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Vancouver falls short on building homes for $80K incomes

City housing planner Dan Garrison: "That's proving really challenging to meet."
The City of Vancouver launched a housing strategy in 2017 that aimed to approve half of 72,000 planned homes for people or households earning $80,000 per year or less; only 31 per cent were approved in six years.

Vancouver council heard Wednesday that the city’s housing strategy is falling short on the number of homes approved in the past six years for people or households whose annual incomes are $80,000 or less.

The goal of the city’s housing strategy, which was implemented in 2017, was to have half of the 72,000 homes approved over a 10-year period geared to households not earning more than $80,000 per year.

New data presented by the city’s planning staff showed only 31 per cent of homes approved in the past six years are for that income group — a reality since the plan was implemented, with staff acknowledging the goal may not be practical.

Dan Garrison, the city’s director of housing policy and regulation, said the 50 per cent target was set because it largely relates to building homes for unhoused people and those living in single-room-occupancy hotels.

“That's proving really challenging to meet,” Garrison said. “So as we look at the new housing targets, and work with the community and ultimately council on setting those new targets, that will absolutely be a consideration — is what can we practically achieve?”

Edna Cho, a senior city housing planner, pointed to money as the main barrier in not hitting the target, with construction costs, inflation and lack of government investment all factors in increasing supply of the much-needed homes.

“While municipalities are able to enable the supply of social housing through the tools we have available, meeting deeper levels of affordability requires additional funding and partnerships with senior governments,” Cho said. “It may not be possible on day one of newly constructed buildings.”

Further insight into failing to meet the target was revealed in Garrison telling council that of 2,500 to 3,000 social housing projects approved, about 1,100 “are what we would call stuck primarily for lack of funding.”

A City of Vancouver chart showing the region's shelters, supportive housing and where homeless rent supplements are distributed.

'The lion's share'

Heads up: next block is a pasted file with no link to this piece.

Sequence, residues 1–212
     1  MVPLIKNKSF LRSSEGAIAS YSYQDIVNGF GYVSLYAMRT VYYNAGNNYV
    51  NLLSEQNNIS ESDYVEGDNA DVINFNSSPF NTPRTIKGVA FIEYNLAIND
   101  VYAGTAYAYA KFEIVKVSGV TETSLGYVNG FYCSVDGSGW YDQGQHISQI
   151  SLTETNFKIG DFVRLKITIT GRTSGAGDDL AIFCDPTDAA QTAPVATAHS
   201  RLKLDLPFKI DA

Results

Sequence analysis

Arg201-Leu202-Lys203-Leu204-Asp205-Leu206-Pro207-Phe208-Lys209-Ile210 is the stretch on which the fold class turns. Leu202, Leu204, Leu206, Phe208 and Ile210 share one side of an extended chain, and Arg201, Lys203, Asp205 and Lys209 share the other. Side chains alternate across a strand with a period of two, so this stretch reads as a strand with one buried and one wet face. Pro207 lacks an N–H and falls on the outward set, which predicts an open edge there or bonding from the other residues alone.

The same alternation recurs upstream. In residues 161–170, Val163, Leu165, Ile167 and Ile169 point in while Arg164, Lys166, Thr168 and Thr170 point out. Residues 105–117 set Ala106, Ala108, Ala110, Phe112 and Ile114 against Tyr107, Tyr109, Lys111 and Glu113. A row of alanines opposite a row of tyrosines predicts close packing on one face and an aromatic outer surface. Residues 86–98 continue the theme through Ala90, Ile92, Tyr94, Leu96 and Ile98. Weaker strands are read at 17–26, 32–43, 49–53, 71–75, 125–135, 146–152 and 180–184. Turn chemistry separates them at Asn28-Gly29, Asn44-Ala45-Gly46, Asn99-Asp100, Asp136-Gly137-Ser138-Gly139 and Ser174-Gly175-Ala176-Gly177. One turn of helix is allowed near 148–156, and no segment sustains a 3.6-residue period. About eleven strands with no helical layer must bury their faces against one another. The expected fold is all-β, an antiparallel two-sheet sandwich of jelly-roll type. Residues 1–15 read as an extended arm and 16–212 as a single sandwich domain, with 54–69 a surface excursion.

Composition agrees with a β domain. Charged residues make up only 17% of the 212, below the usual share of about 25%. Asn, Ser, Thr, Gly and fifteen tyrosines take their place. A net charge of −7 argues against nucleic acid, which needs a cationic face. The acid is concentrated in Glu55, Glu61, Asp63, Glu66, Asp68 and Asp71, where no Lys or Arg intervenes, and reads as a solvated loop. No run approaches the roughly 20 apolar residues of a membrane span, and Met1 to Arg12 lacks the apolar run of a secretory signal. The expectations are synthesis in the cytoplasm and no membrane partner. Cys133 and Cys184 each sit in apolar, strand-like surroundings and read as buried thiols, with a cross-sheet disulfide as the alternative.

A common theme in staff’s presentation was that Vancouver carries “the lion’s share” of providing shelters, social housing and supportive housing — which typically comes with wraparound services including health care — for the region.

City manager Paul Mochrie noted the B.C. government’s new Housing Supply Act could compel other municipalities to approve more housing, adding that it was a significant point in further discussions with government and municipalities.

“This continues to be a major challenge for Vancouver,” Mochrie said. “We can't carry the region, and we can never meet the demand of the region in Vancouver. We just don't have enough land and capacity, other services and so on.”

City approved almost 11,000 homes in 2022

Overall, the city’s housing strategy has led to the approval in six years of 43,000 units of all forms of non-market and market housing, with 28,000 built since 2017. The city’s strategy called for about 7,200 homes per year to be approved.

A key goal of the plan was to see two-thirds of the 72,000 homes approved be rental, and that 40 per cent of homes be suitable to accommodate families — so more two and three-bedroom homes.

Last year, the city approved almost 11,000 homes, with about 4,260 of them purpose-built rental. Social and supportive housing approvals reached 1,332 units, and 4,406 condo units were approved.

Laneway home approvals totalled 435, townhouses 359 and coach houses, 33.

Staff told council he provincial and federal governments recently announced budgets and programs totalling more than $8 billion devoted to housing — $4.2 billion from the provincial government’s 2023 budget, and $4.2 billion from a federal “housing accelerator fund.”

“The good news is that senior governments are stepping up and there's better alignment on housing with all levels of government than there has been in decades,” said Cho, noting staff will apply for funds under the federal plan and provide more details to council in June.

Immigration to B.C.

Meanwhile, the demand for housing in Vancouver is not expected to subside, with staff pointing out the impact the federal government’s goal to welcome 500,000 new immigrants per year by 2025 will have on the city.

“We know immigration to B.C. is very strong, and the vast majority — approximately 80 per cent — make their way to Metro Vancouver,” Cho said. “In terms of rough estimates for what that means for the City of Vancouver, we're looking at approximately 20,000 to 30,000 new residents each year.”

Cho said there are also strong demographic factors influencing demand such as a high concentration of millennials that will be leaving home and forming households of their own in this and upcoming decades.

Fifty-five per cent of residents are renters and council heard Wednesday that 75 per cent of newcomers also rent, noting the prices of purchasing and renting a home continue to escalate.

A Canada Mortgage and Housing Corporation report released in January said new renters in Vancouver paid, on average, 24 per cent more than the previous tenant for two-bedroom units rented in 2022.